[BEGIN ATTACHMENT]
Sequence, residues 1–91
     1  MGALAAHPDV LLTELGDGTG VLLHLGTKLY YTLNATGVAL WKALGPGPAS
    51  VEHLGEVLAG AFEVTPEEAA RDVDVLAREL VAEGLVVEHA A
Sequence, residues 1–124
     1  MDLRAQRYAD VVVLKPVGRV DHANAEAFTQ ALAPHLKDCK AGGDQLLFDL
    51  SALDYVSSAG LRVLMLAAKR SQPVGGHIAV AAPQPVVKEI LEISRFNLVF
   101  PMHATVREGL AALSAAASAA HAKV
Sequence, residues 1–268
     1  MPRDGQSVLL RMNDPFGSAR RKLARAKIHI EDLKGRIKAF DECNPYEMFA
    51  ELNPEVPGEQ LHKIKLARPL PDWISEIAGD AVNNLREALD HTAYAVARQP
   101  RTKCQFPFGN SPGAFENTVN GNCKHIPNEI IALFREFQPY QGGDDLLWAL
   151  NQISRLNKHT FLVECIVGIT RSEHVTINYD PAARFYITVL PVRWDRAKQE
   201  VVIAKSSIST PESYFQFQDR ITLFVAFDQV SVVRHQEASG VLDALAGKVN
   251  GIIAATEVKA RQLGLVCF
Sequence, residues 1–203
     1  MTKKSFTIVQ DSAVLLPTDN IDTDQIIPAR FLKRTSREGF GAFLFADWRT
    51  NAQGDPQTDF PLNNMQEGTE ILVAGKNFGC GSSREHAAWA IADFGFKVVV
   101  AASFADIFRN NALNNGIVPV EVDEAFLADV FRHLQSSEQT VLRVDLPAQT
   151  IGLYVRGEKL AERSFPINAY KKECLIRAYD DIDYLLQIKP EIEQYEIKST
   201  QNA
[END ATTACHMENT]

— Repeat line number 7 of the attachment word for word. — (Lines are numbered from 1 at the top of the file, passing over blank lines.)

   101  PMHATVREGL AALSAAASAA HAKV